Elizabeth Holmes Argues Her Wealth Had Nothing To Do Why She Committed Fraud

Perhaps in doing her best to change her legal defense into some sort of comedy act, “America’s sweetheart” Elizabeth Holmes argued in court this week that she didn’t want U.S. prosecutors to vilify her “luxuriously lifestyle” during her fraud trial.

The request is ironic, as Holmes became a “self-made billionaire” through the fraud she was perpetrating at Theranos to begin with.

It’s the latest in a long line of scapegoats that Holmes has used to pin blame for her company’s implosion on. She had previously blamed journalists and had claimed that she was the victim of a “mental disease or defect”, according to Bloomberg

The request came amidst a “flurry of evidence objections” from her lawyers, as they seek to try and rule out certain pathways of the prosecution’s case before her trial starts in March. 

Her lawyers argued: “That Ms. Holmes enjoyed a certain lifestyle — one that is commensurate with the lifestyle of many other CEOs — says nothing about whether Ms. Holmes committed fraud to obtain or maintain that lifestyle.”

It’s a stunning objection especially considering the massive rise and fall of Holmes’ personal net worth as a result of Theranos’ valuation expanding, before imploding.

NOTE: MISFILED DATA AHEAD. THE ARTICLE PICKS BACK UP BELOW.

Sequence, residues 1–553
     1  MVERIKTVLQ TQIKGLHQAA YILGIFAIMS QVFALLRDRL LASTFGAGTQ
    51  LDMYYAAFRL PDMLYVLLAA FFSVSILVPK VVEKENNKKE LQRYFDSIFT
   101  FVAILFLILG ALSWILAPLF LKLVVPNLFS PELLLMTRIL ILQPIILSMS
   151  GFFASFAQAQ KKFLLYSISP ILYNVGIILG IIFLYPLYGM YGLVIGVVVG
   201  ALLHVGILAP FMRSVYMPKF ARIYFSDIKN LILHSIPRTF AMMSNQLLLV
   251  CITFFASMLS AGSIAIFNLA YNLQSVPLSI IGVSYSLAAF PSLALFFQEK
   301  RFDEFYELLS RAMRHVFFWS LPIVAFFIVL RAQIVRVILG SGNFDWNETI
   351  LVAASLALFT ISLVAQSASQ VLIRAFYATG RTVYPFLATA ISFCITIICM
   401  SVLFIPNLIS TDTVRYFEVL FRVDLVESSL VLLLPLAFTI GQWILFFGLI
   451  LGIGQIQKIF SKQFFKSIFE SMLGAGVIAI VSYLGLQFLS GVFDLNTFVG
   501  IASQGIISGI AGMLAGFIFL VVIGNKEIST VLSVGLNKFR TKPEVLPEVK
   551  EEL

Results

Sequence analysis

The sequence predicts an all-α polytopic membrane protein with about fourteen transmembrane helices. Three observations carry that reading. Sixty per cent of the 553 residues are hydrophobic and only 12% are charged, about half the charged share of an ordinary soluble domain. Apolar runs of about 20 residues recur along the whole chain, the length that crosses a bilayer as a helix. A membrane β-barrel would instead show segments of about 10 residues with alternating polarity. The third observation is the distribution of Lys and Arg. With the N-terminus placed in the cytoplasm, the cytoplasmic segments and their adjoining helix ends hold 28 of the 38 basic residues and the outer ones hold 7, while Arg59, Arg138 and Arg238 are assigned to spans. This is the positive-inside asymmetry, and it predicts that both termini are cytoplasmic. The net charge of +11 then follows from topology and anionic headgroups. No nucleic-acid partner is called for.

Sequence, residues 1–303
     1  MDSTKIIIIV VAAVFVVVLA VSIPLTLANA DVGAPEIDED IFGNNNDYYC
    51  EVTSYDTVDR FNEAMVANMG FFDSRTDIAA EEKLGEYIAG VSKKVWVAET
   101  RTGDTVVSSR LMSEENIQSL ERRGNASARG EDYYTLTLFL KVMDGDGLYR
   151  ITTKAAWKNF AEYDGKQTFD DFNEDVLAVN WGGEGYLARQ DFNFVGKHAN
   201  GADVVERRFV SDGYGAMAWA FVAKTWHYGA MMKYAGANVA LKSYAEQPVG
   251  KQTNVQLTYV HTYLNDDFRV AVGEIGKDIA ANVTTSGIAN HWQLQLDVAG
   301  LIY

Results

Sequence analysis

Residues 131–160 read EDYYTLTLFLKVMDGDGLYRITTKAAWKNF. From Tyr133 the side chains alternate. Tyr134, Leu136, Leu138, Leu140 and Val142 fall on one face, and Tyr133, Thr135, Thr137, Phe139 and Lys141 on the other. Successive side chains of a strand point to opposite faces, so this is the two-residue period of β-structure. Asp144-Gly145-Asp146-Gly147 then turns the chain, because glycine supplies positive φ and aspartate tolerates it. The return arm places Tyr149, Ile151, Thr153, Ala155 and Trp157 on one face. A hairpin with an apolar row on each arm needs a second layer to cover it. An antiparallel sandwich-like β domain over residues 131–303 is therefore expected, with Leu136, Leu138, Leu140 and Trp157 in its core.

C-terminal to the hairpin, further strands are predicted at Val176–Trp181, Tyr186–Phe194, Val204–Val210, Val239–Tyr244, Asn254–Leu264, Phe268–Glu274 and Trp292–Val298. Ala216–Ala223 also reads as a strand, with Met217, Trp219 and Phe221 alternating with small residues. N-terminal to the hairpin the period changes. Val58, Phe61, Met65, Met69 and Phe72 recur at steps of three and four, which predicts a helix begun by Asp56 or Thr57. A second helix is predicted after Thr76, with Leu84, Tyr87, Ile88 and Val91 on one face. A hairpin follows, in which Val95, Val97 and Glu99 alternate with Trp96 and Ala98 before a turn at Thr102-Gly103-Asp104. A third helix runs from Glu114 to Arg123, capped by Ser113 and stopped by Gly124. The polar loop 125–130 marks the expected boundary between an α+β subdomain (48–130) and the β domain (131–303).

It’s a direct rebuke to prosecutors, who are going to argue that Holmes’ travel, accommodations, assistants and “association with celebrities, dignitaries and other wealthy and powerful people” acted as an incentive for her to continue to commit financial fraud. 

We noted in September that the former Theranos Inc. Chief Executive had been ordered by a federal judge to undergo examination from U.S. government experts after her lawyers have suggested they could offer up evidence that shows she suffered from a “metal disease or defect”.



The order came after Holmes’ lawyers suggested they were going to introduce evidence from Mindy Mechanic, a California State University at Fullerton professor specializing in psychosocial consequences of violence, trauma and victimization. The defense said the evidence would be “relating to a mental disease or defect or any other mental condition of the defendant bearing on the issue of guilt.”

We can’t wait to see what turn this case takes next…

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